Swedish airport drone project
By UAV Canada Staff
By UAV Canada Staff
A newly granted project called Airport Surveillance for Airport Safety (ASA) is to be led by the RISE Research Institutes of Sweden in collaboration with Luftfartsverket (LFV, Swedish Civil Aviation Administration), Swedish Regional Airports (SRF), Örnsköldsvik Airport (OER) and FlyPulse. The group aims to develop and demonstrate drone solutions to help automate daily operations in airports.
The project is to last for 14 months and organizers plan to hold public demonstration of their progress in mid-2019. The project is funded by VINNOVA, Sweden’s innovation agency through its program on future drones. It will identify use cases that address the needs of daily operations at airports, develop and demonstrate drone solutions that help automate airport operations, improve airport safety, optimize resource utilization and reduce environmental impacts.
Described as one of of the world’s most automated regional airports, Örnsköldsvik Airport through the help of LFV introduced a Remote Tower Center (RTC) in 2015 to have traffic control taken over remotely by Sundsvall/Midlanda airport (SDL). OER airport is a municipal company owned by Örnsködsvik municipal group with around 100,000 passengers per year.
Then in 2017, connected vehicles were introduced at OER for improving airport safety based on results from the project DRIWS (Digital Runway Incursion Warning Systems), where physical stop-lights were replaced by digital signals within the vehicles for preventing ground vehicles from approaching the runway without clearance from air traffic control.
For further development of airport automation, LFV once again in collaboration with OER has initialized a program with the vision of the Autonomous Airport to test and evaluate future systems for safe, cost-effective and remotely controlled automated airports. One key application area involves the integration of drone solutions in daily airport operations.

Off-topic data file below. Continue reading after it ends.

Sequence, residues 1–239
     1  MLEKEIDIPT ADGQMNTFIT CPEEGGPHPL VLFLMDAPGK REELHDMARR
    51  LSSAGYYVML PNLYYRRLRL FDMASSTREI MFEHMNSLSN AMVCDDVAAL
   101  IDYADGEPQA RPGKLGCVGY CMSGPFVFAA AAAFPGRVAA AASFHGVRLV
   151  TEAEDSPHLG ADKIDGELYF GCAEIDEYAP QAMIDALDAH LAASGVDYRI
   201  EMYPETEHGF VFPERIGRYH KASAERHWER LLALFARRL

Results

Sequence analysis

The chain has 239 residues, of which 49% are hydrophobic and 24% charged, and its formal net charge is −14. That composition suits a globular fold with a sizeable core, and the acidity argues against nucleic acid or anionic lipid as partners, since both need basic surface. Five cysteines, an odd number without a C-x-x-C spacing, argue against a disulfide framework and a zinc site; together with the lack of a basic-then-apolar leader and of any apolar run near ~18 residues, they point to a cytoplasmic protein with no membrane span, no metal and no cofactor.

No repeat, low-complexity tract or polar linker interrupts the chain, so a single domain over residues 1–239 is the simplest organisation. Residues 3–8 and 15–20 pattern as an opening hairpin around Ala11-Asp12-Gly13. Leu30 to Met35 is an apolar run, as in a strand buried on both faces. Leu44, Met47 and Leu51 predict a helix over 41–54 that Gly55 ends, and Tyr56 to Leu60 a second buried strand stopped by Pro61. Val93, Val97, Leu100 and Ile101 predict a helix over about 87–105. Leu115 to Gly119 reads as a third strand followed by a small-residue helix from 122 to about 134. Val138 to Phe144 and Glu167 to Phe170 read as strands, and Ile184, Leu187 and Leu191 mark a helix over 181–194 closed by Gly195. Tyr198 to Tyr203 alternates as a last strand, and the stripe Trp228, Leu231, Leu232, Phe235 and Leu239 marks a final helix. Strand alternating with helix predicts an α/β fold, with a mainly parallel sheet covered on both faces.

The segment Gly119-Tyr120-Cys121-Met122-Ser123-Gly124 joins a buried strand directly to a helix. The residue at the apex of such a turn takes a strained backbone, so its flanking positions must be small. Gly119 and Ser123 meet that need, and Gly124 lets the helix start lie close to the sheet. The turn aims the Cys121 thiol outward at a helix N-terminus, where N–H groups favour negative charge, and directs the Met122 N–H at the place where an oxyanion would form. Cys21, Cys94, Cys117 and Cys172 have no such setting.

RISE explains airport inspection includes many routine tasks like frequent border surveillance of airport fences, wild animal detection and runway surface conditions. These tasks are usually time and labour intensive and introduce emissions when fossil fueled vehicles are in operation.
“Instead of driving a terrain vehicle for checking the airport fences, electrically powered drones could be used for automatic checking, streaming live video to personnel for supervision. This will save considerable amounts of time and daily vehicle driving and thereby reduce costs and vehicle emissions,” said Jonas Didoff, senior advisor at LFV and project manager for DRIWS. “With advanced detection techniques, the system could also alarm the personnel if fence damages or animals are found on the airport perimeters.”
The new RISE project will leverage the experience of drone development at FlyPulse and ultimately deliver drone solutions that are tailored for the needs of airports. “The airport is a special environment where close interactions with Air Traffic Control and authorities are needed. Our drone solutions need to consider the flight schedules and be able to operate day and night, as well as in harsh weather situations,” said Jan Björn, CEO at FlyPulse.
For the project, RISE Research Institutes of Sweden will contribute its competences in wireless communications and automation for the drone solution development, as well as business development for market introduction.
“We need to consider different communication solutions to make sure a certain level of availability and reliability for remote control and data delivery. 5G is one on-going topic which we will have a close look at, especially for use cases at the airports,” says Lei Chen, Senior researcher at RISE. “In addition, we will also investigate a seamless integration of such a solution in the current daily operation procedure and establish an innovation platform for future advanced intelligent functionalities.”